A recent massacre that left eight people dead near the Colombia-Venezuela border shows how much the conflict has intensified between two armed groups battling for control of the drug trade in the Catatumbo region, and how authorities seem unable to halt the territory’s growing violence.
On July 30, a group of 10 armed men opened fire in broad daylight at a billiards hall in the town of El Tarra, located in the department of Norte de Santander on the Colombia-Venezuela border, according to a report by local media outlet La Opinión.
Among the victims were at least two demobilized members of the Revolutionary Armed Forces of Colombia (Fuerzas Armadas Revolucionarias de Colombia – FARC) and a local community leader.
The National Liberation Army (Ejército de Liberación Nacional – ELN) and the Popular Liberation Army (Ejército Popular de Liberación – EPL), which have been embroiled in a violent conflict over the control of cocaine production in the border region with Venezuela, have both denied responsibility for the incident, each allegedly with their own press release.
However, La Opinión revealed that there are rumors the massacre may have resulted from shifts in the relationship between the ELN guerrilla group and alleged FARC dissidents who could be joining the ranks of the EPL, according to reports gathered from fieldwork in the area.
The ELN’s violent actions in the territory have worsened over the past week, including in Venezuela. On July 26, Venezuelan journalist Sebastiana Barráez reported on the killing of six workers and the seizure of a farm in the Venezuelan border state of Zulia, presumably by ELN members.
Both farmers and journalists in the area have reported that another victim of the attack on the farm was a Venezuelan soldier. Although the government of President Nicolás Maduro has not confirmed that claim, InSight Crime had access to a police report identifying the slain military official as Roberto Ultin González, an active duty army lieutenant in the special forces. It stated that he had been injured during “an exchange of gunfire between the Venezuelan army and Colombian irregular groups.”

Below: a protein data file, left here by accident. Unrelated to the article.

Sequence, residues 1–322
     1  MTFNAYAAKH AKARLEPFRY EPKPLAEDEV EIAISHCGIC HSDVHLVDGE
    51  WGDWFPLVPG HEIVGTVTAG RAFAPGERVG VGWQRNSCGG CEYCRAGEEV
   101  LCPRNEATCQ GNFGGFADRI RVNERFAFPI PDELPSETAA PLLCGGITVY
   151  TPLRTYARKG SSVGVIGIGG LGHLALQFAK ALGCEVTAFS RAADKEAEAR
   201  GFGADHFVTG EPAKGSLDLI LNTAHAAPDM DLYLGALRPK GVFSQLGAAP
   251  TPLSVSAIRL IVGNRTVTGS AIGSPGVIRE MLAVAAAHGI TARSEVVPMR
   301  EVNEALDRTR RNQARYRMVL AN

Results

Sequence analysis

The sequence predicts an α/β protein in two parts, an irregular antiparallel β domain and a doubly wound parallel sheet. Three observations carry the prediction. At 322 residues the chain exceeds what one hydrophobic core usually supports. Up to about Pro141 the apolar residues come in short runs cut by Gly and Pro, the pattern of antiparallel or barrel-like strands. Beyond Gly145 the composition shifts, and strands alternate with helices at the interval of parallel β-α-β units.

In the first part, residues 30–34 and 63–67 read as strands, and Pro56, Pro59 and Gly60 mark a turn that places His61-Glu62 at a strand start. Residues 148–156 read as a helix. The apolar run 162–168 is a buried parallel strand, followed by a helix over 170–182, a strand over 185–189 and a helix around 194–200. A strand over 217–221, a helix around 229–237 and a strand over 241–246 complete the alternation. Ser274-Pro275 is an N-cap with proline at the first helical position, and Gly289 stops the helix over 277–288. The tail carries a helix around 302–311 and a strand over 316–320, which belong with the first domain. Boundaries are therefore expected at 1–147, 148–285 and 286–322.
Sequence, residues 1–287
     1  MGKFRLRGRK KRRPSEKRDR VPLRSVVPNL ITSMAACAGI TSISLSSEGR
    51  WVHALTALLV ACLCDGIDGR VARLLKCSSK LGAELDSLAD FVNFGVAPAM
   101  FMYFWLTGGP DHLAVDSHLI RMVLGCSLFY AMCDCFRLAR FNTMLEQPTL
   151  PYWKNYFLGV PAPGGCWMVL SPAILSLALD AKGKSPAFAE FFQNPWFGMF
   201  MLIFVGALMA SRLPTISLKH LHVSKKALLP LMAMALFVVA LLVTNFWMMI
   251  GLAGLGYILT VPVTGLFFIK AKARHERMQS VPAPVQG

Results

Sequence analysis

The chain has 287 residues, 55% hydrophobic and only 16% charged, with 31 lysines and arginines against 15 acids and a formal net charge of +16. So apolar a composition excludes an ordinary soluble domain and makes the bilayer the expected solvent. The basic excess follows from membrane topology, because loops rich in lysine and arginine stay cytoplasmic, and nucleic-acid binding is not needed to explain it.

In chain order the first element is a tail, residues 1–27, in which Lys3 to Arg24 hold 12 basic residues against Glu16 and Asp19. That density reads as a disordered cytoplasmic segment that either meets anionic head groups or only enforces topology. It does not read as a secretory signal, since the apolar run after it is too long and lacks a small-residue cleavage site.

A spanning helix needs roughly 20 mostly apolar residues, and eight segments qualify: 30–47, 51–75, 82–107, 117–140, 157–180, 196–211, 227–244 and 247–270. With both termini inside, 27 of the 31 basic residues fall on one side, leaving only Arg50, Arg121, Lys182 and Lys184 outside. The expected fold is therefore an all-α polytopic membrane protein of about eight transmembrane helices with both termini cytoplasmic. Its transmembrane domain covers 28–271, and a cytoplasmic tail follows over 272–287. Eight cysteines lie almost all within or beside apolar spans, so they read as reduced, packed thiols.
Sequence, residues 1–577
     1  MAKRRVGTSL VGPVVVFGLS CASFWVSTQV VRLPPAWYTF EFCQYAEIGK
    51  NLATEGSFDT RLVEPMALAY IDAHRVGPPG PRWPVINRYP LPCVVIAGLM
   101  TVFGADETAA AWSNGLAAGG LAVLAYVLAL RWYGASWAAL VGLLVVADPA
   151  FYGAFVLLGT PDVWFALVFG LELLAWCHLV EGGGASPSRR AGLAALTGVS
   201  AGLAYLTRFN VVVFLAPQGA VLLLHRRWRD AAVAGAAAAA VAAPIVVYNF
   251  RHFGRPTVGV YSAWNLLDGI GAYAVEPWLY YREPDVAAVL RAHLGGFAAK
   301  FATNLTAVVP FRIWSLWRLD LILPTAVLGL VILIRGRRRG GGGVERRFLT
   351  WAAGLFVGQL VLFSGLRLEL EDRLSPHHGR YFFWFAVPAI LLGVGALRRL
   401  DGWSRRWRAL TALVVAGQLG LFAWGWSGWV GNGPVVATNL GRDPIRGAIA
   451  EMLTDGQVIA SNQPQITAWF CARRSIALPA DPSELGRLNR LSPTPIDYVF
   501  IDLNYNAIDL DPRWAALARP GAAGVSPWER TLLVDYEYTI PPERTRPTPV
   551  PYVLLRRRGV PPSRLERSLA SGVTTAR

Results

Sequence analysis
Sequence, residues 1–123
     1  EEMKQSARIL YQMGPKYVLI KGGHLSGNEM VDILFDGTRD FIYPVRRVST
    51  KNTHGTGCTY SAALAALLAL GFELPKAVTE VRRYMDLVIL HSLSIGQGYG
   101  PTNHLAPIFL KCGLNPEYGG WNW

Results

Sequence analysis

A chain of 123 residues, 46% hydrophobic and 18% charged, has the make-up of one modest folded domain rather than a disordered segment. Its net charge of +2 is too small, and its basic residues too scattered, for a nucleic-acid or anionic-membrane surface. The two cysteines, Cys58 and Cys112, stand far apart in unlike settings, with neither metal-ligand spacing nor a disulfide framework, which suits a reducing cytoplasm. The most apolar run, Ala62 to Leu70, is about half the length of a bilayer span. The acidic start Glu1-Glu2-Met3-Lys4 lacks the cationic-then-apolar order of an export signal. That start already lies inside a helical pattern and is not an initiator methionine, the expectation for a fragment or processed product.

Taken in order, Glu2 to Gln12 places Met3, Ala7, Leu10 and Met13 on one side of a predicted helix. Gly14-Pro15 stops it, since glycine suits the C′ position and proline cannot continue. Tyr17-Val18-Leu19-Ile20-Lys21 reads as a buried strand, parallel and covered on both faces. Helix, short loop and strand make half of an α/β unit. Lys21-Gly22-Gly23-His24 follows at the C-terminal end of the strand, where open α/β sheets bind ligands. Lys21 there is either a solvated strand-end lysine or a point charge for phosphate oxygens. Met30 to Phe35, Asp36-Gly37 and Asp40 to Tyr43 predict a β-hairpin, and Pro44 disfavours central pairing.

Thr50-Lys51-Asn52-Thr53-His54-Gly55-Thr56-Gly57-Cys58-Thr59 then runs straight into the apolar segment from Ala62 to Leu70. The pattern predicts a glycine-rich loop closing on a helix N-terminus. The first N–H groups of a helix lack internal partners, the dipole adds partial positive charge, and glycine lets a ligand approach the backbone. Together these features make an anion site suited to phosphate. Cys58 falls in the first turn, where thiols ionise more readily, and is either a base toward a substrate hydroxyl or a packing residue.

InSight Crime Analysis
Colombian and Venezuelan authorities seem to have abandoned the Catatumbo region to its own fate, and the criminal groups battling over the border area’s drug market have lost no time in taking advantage of the situation.
The armed confrontation between the ELN and the EPL for control of the Catatumbo, one of Colombia’s top cocaine producing areas, has only gotten bloodier and seems to have descended into chaos. The recent massacre in El Tarra and deadly confrontations in Venezuelan territory clearly illustrate the gravity of the situation.
While Venezuelan authorities have preferred to stay out of the conflict, leaving their side of the border in the hands of the guerrilla groups, the Colombian government has proven itself incapable of slowing the momentum the criminal organizations have gained despite their desire to do so.
SEE ALSO: ELN Profile
In April of 2018, when it was made public that the conflict had affected some 17,000 people, Colombia's Vice President Óscar Naranjo traveled to Norte de Santander department. He made assurances that the government “will fiercely combat the armed groups … We’ve also committed to further progress so that the security forces continue to ensure conditions in the region return to normal with a comprehensive presence of territorial control.”
However, four months after Naranjo’s announcement, the situation in the region has not improved. The armed groups still control the Catatumbo, above all the ELN, which is still pursuing peace negotiations with the Colombian government, at least publicly.
SEE ALSO: EPL Profile
In El Tarra, where the recent killings occurred, some local union leaders say they had not seen armed attacks like it since the paramilitary groups entered the region in 1999. And they are demanding an explanation from the authorities.
Meanwhile, non-governmental organizations and others are decrying the presence of criminal groups in Venezuelan border towns like Catatumbo and Jesús María Semprún. The director of the NGO Fundación Redes, Javier Tarazona, said that Venezuelan authorities “keep quiet and don’t act against the brazen Colombian guerrilla incursion onto Venezuelan soil.”
*This analysis was written using information prepared by InSight Crime’s Colombia investigation team.